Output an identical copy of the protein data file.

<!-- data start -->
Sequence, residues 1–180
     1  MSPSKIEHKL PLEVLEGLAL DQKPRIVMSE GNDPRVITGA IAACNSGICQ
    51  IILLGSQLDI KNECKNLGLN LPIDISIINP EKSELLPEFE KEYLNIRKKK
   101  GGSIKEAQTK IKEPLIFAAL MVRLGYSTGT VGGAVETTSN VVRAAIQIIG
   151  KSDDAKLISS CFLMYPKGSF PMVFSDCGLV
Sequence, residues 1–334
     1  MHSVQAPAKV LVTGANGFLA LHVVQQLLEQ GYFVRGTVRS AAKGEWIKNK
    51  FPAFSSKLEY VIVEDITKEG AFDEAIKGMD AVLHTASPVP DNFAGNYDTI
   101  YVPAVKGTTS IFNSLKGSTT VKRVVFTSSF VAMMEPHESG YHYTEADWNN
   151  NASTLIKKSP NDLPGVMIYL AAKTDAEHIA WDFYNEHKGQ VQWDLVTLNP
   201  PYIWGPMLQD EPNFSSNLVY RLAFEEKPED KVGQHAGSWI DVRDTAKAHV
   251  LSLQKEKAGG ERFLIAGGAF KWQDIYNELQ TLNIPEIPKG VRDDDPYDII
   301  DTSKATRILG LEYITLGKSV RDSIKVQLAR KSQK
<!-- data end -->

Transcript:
Sequence, residues 1–180
     1  MSPSKIEHKL PLEVLEGLAL DQKPRIVMSE GNDPRVITGA IAACNSGICQ
    51  IILLGSQLDI KNECKNLGLN LPIDISIINP EKSELLPEFE KEYLNIRKKK
   101  GGSIKEAQTK IKEPLIFAAL MVRLGYSTGT VGGAVETTSN VVRAAIQIIG
   151  KSDDAKLISS CFLMYPKGSF PMVFSDCGLV
Sequence, residues 1–334
     1  MHSVQAPAKV LVTGANGFLA LHVVQQLLEQ GYFVRGTVRS AAKGEWIKNK
    51  FPAFSSKLEY VIVEDITKEG AFDEAIKGMD AVLHTASPVP DNFAGNYDTI
   101  YVPAVKGTTS IFNSLKGSTT VKRVVFTSSF VAMMEPHESG YHYTEADWNN
   151  NASTLIKKSP NDLPGVMIYL AAKTDAEHIA WDFYNEHKGQ VQWDLVTLNP
   201  PYIWGPMLQD EPNFSSNLVY RLAFEEKPED KVGQHAGSWI DVRDTAKAHV
   251  LSLQKEKAGG ERFLIAGGAF KWQDIYNELQ TLNIPEIPKG VRDDDPYDII
   301  DTSKATRILG LEYITLGKSV RDSIKVQLAR KSQK